News and updates

Knowledge and Power report published

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A new report written by Ric Lander on behalf for People & Planet, Platform and 350.org has exposed the extent to which the fossil fuel industry is financially interconnected with UK universities.

The report, Knowledge and Power – Fossil Fuel Universities, reveals that UK universities have an estimated £5.2 billion invested in the fossil fuel industry, equivalent to £2,083 for every student in the UK. Using data obtained through Freedom of Information requests and crowd-sourced from students and staff at universities across the UK, it also reveals the weaknesses of our university’s current ethical investment policies.

And the ties go much deeper than purely financial support. The report accuses universities of ‘greenwashing’ a sector whose business model relies on burning 5 times more carbon than is safe to avoid a climate crisis. For example, senior executives from BP and Shell have received 20 awards and honorary degrees from UK universities in the last decade alone, providing them with valuable legitimacy and a ‘social license to operate’.

Kevin Smith from oil and gas watchdog Platform said:

“UK universities have become the victims of corporate capture at the hands of the fossil fuel sector. We are allowing vital public infrastructure to be used to subsidise and expand a dangerous, out-dated energy model that only benefits the profits of oil and gas companies.”

The report is the most comprehensive assessment to date of UK universities ties to the fossil fuel industry, and paints a damning picture of the industry’s influence over research agendas. For example, of the 258 papers published by the Oxford Institute of Energy Studies, only three focussed on renewables, whilst the Institute received more than half of its grants from oil and gas companies. In 2013 Imperial College London has more research funding from fossil fuel companies than any other UK institution, receiving £17.3 million from Shell and BP alone.

The report coincides with the launch of People & Planet’s Fossil Free UK divestment campaign.  In collaboration with 350.org co-founder and acclaimed author Bill McKibben, students will embark on a UK tour to kickstart the divestment movement in a fortnight.

Story courtesy of People & Planet.

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Cairn Energy in the Arctic Casino

Founders foesand chair of the Greenland Oil Industry Association, Edinburgh based Cairn Energy are by far the most active oil company in Greenland.

This report, written by Ric Lander for Friends of the Earth Scotland’s new Corporate Accountability campaign, details Cairn’s risky prospecting in the high Arctic. The briefing examines chemical spills, threats to marine wildlife, safety concerns, and the complex web of political and financial links which make Arctic drilling possible.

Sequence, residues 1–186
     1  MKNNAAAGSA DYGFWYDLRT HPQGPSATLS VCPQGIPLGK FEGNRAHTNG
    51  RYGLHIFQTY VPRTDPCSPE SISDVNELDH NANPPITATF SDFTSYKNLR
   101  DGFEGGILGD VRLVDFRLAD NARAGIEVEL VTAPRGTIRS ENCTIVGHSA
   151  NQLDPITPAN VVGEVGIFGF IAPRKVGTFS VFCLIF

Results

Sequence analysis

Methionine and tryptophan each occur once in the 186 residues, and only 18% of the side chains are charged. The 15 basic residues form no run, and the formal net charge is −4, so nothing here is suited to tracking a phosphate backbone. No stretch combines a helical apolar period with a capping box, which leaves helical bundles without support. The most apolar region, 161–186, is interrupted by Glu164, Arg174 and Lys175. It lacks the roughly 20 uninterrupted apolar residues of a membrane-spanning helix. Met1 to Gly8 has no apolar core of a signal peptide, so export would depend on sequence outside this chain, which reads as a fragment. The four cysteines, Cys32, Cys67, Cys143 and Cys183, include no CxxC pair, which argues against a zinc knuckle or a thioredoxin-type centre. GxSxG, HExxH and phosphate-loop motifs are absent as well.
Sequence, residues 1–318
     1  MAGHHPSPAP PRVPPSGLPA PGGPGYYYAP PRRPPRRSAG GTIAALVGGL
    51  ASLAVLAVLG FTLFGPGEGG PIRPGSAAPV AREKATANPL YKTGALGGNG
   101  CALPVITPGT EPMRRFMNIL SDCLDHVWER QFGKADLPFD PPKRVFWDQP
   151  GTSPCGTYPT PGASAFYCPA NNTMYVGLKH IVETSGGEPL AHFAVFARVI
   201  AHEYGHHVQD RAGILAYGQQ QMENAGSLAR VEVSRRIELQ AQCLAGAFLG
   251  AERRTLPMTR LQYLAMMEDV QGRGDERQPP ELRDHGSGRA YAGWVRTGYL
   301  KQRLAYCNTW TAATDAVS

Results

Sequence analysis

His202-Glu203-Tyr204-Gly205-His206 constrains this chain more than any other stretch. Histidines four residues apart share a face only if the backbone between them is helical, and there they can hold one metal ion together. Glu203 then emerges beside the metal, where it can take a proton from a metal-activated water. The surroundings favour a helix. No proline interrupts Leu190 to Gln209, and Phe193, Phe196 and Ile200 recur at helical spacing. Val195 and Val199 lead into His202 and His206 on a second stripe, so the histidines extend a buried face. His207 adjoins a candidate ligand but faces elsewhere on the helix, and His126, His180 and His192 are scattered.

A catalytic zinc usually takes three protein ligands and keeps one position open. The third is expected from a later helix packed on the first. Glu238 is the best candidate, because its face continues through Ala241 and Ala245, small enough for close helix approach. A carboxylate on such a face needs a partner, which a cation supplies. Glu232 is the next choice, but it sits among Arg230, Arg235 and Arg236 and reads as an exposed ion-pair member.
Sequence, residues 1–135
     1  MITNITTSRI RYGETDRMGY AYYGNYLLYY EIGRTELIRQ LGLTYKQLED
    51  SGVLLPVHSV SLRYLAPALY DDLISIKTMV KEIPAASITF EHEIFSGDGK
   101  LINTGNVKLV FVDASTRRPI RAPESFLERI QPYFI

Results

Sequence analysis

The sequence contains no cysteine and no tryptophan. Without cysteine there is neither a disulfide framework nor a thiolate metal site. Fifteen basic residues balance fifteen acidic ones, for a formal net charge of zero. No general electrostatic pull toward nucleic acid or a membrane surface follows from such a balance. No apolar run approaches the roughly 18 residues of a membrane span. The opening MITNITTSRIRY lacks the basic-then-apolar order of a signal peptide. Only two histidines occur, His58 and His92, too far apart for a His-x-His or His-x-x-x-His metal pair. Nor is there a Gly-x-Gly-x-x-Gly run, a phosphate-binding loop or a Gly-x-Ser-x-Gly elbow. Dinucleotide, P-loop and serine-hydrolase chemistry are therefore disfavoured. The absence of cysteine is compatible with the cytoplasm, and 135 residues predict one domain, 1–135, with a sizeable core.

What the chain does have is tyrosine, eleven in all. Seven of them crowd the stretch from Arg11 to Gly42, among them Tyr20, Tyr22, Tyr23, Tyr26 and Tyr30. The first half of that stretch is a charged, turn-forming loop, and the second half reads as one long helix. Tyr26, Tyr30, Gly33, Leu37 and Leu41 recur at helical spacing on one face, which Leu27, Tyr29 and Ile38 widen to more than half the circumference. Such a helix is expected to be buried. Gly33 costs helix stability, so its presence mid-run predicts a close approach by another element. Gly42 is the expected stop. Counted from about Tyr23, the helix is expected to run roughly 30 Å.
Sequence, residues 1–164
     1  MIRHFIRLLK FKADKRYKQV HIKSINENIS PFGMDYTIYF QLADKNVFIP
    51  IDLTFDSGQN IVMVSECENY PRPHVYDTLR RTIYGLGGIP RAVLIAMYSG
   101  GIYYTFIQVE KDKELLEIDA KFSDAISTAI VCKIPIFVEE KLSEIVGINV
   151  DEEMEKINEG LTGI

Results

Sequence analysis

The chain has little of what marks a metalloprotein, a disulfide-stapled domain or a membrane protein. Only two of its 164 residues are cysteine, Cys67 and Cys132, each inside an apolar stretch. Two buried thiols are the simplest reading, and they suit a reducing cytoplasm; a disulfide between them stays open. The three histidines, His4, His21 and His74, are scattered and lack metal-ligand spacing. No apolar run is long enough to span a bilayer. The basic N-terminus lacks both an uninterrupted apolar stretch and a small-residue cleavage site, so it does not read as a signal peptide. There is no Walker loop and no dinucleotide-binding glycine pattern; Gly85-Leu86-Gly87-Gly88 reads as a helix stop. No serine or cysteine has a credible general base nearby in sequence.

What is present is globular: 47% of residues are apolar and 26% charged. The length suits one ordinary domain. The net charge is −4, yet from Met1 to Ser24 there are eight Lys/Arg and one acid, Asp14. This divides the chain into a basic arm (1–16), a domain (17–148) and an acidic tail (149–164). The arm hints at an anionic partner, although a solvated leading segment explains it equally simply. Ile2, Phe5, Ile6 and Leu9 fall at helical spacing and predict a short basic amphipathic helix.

Cairn Energy: Arctic Cowboys – Executive Summary

  • Edinburgh-based Cairn Energy is by far the largest oil company operating in Greenland. They founded and chair the Greenland Oil Industry Association and have drilled eight out of the fourteen wells ever drilled offshore in Greenland.
  • Cairn admit that all of their operations in Greenland are in areas “sensitive in terms of biodiversity”. Numerous sensitive habitats and IUCN red-listed species inhabit the areas in which they operate including Blue Whale, Sei Whale, Narwhal, Walrus, White-tailed Eagle, Hooded Seal and Polar Bear.
  • Cairn refused to publish a spill response plan for their operations but in 2011, following a high-profile campaign by Greenpeace, the plan was published by the Greenlandic Government.
  • The plan has multiple shortcomings, most crucially that Cairn’s plan is not adequate to enable a full and speedy clean-up of the kind of spill which could happen in the area. It is likely that a spill would have catastrophic impacts on the Arctic environment.
  • Despite specific policy claims to reduce pollution rates, Cairn’s emissions of green-house gas emissions, NOx, VOCs have all increased over the last five years.
  • Cairn has received millions of pounds of funding from UK taxpayers via the bailed out UK banks RBS and Lloyds Group, and the World Bank division the ‘International Finance Corporation’.
  • David Cameron personally intervened to help Cairn raise money which was used to finance their Arctic drilling campaign.
  • Cairn have relationships with a number of charitable and educational institutions in Scotland including the Universities of Glasgow, Edinburgh and Heriot-Watt, and the Royal Botanic Garden, Edinburgh.
  • After two years of failure, Cairn have not been actively drilling in the Arctic in 2012, and may pull out of the region all together if they are under enough pressure.
  • Investment managers are beginning to see that the risks of Arctic drilling are making them an increasingly poor investment.
  • Friends of the Earth Scotland are calling for a final end to Cairn’s operations in Greenland and a moratorium on the operations of Scottish oil companies in the Arctic.

The full report can be downloaded in full from Friends of the Earth Scotland:

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Transition Universities in the Transition Companion

This article was written in early 2011 and published in Rob Hopkin’s book ‘the Transition Companion’, published in October 2011.  You can buy the book from Transition Network here and read most of its chapters online here.

Transition in Action: Transition Edinburgh University
by Ric Lander

Inspired by a simple and purposeful talk introducing Transition, a small group of students and staff decided to do what we could as a community to see a low-carbon transition take place. We asked “What do we want our university community to look like?”